PESHAWAR -- Pakistan's army is prepared and professional whether countering terrorism in military operations or serving as peacekeeping forces throughout the world, military leaders say.
"Our experience of counter-terrorism operations has made us battle hardened, which is a valued add-on in operational preparedness," Chief of Army Staff Gen. Qamar Javed Bajwa said January 23 while visiting troops in Multan Garrison.
He praised troops' participation in on-going counter-terrorism operations in the Federally Administered Tribal Areas and Khyber Pakhtunkhwa and for "keeping themselves fully trained and prepared to thwart challenges of conventional war".
"I am proud to be the chief of army staff of a brave and highly professional army," Bajwa said.
"The professionalism and expertise of the Pakistan Army can be traced back to the epic performance they exhibited during past wars and times of need," said Col. (ret.) G.B. Shah Bokhari, a Peshawar-based security analyst and columnist.
This high standard of professionalism and sense of duty also earned Pakistani forces a respectable position among UN peacekeeping forces, he told Pakistan Forward.
Pakistan has a long history of involvement in UN peacekeeping missions and consistently has been one of the top troop-contributing nations.
Since 1960, Pakistan has contributed more than 160,000 troops in 41 missions spread over 23 countries, Inter-Services Public Relations (ISPR) reported in June. Serving in these missions for peace, 145 Pakistani troops, including 23 officers, lost their lives.
Currently, 6,774 Pakistani troops, 103 Pakistani military experts and 279 Pakistani police are serving under the UN peacekeeping umbrella, according to the official tally.
"The role of the Pakistan Army in peacekeeping missions [...] is a source of pride for the nation and is [...] respected," Bokhari said.
"The Pakistan Army's victories against terrorism have not only built confidence among the nation [...] but have also drawn international attention and worldwide appreciation," Brig. (ret.) Mehmood Shah, a Peshawar-based security analyst, told Pakistan Forward.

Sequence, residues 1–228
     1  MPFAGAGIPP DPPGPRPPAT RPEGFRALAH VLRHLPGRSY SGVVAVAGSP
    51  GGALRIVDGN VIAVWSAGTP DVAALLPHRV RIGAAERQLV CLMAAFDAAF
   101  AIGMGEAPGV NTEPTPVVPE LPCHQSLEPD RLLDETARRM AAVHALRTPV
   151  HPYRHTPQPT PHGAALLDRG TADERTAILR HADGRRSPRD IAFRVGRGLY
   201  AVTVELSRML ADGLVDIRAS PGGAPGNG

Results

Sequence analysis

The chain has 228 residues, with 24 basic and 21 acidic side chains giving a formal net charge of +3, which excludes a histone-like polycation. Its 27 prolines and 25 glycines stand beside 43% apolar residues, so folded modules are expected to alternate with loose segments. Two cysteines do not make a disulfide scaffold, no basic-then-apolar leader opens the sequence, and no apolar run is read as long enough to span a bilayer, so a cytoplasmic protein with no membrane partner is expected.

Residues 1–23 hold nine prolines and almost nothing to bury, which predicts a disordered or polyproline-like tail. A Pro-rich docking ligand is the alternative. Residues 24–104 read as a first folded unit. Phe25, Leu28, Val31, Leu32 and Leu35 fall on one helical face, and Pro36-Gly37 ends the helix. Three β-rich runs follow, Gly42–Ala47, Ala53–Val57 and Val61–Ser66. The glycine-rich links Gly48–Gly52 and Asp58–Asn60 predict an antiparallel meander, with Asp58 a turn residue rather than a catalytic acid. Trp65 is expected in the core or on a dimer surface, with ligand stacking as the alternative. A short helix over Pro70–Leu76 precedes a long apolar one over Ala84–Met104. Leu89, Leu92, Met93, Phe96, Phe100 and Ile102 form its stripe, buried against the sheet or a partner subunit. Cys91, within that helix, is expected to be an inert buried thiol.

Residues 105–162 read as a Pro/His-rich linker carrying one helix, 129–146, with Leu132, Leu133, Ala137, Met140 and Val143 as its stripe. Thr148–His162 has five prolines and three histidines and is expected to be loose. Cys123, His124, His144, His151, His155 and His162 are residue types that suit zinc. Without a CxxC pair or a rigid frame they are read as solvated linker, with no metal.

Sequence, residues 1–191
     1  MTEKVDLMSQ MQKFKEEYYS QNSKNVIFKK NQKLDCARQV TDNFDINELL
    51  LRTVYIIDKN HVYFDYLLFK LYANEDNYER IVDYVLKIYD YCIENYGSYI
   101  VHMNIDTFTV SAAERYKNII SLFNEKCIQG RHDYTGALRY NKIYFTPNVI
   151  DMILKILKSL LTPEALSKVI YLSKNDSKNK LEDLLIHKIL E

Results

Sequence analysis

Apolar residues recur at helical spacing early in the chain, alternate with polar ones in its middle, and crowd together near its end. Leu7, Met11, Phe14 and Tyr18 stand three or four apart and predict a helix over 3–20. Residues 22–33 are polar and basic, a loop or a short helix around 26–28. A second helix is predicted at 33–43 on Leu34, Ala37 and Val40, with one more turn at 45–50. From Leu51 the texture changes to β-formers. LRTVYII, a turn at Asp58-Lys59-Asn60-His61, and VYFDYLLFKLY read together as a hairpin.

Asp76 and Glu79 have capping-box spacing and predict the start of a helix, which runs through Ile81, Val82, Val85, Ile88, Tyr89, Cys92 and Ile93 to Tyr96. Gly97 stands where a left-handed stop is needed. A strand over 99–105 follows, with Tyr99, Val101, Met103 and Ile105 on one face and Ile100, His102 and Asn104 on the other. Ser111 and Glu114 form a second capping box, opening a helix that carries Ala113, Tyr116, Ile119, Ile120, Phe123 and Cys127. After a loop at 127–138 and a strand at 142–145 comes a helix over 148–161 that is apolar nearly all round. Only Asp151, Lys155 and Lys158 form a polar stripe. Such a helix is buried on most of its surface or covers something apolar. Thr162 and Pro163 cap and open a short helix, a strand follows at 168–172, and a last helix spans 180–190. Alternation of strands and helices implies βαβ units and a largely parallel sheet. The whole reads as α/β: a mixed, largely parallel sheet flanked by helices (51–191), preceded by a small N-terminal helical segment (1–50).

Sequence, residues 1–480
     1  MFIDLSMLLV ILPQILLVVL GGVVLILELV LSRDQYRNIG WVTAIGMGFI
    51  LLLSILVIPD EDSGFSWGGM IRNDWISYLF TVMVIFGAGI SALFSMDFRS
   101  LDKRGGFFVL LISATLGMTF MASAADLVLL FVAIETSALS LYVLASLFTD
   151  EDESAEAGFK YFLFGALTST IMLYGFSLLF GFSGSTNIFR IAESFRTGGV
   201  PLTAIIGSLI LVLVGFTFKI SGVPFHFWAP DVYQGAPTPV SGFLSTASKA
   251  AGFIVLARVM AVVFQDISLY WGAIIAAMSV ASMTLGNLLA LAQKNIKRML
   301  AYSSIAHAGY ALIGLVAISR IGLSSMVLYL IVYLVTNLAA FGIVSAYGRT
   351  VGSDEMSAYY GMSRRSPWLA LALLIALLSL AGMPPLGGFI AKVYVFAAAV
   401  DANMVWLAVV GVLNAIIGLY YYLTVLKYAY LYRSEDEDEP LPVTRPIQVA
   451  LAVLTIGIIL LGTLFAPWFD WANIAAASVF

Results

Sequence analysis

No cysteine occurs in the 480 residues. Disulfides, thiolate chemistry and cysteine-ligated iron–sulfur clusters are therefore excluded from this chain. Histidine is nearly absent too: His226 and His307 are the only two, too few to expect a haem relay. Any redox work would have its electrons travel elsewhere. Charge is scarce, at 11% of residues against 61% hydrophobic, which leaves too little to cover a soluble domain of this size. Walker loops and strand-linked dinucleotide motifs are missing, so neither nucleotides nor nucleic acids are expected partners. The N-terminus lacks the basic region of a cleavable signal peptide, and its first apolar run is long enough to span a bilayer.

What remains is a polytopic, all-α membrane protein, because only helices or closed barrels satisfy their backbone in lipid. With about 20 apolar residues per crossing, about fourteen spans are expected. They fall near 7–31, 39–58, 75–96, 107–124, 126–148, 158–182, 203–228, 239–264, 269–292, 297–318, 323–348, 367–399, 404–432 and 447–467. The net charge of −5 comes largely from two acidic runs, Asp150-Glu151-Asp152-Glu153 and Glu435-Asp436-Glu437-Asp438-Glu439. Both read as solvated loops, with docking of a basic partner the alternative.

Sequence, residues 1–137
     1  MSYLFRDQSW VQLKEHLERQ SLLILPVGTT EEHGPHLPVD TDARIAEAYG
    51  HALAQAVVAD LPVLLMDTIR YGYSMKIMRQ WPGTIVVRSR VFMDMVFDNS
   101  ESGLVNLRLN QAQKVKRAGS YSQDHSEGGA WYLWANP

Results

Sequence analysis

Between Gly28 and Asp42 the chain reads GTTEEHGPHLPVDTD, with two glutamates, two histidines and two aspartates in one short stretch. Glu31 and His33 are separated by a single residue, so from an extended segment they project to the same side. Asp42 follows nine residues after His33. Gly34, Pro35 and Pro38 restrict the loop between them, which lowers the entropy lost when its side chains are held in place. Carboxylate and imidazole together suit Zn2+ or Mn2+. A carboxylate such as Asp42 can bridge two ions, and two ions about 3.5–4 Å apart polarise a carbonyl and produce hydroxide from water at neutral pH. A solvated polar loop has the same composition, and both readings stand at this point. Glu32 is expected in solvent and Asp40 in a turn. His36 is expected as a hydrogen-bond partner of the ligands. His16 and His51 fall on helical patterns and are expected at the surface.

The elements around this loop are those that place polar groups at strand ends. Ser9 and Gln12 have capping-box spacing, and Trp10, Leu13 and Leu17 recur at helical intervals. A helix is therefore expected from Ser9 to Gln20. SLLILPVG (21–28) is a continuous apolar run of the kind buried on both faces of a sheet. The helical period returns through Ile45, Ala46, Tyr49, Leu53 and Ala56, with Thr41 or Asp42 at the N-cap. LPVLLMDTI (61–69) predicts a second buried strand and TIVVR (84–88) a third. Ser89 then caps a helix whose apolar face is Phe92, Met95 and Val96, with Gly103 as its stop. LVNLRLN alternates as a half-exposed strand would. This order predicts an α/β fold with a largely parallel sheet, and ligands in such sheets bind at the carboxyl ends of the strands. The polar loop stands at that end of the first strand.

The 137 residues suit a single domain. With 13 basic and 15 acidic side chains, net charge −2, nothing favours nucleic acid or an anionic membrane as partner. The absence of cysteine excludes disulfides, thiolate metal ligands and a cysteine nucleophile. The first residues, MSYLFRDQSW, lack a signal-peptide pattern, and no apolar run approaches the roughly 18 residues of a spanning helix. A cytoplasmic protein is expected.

For example, more praise for the troops came from US Gen. John W. Nicholson, commander of the Resolute Support Mission in Afghanistan, who visited Miranshah, North Waziristan, with Bajwa January 9.
Nicholson appreciated the Pakistan Army's successful counter-terrorism operations, including the on-going Operation Zarb-e-Azb, according to an ISPR statement.
The many sources of inspiration to troops include the leadership qualities of the commanders, Shah said.
"It is well known that the army's higher echelons prefer to be with their troops during celebrations [of Eid], which reflects their standard of professionalism and their priorities," he said.
Most of the tribe members were doubtful of their future survival after witnessing extremism and its various manifestations for many years, said Zamir Shah, a medical doctor practicing in Jamrud Tehsil, Khyber Agency.
"Peaceful and patriotic tribal people faced looming threats, while some saw daylight kidnapping and abduction of family members for ransom, forcing them to flee their homes for safe places," he told Pakistan Forward.
"Fifty percent of my patients were suffering from psychological trauma after witnessing violence and terror incidents," he said.
Now, thanks to the Pakistan Army's counter-terrorism operations, the situation has improved, he said.
"We tribal people are the direct beneficiaries of the victories of law enforcers who obliterated extremism and established the rule of law in our areas," Shah said.
Most of the militancy-hit areas of Jamrud, including Lashora, Chapri, Jabba and Shahkas, which were virtually no-go areas, began to thrive after the security forces' cleansing operations, he said.
"Routine activities have started in these areas and people have come out from their trance of fear and uncertainty," he said.
"All that has been achieved is the result of the sacrifices and matchless spirit of security forces, who fought a fierce battle with professional exuberance and unflinching determination," he said.
How effective will the future fence along the Pakistan-Afghanistan border be in controlling the movement of militants?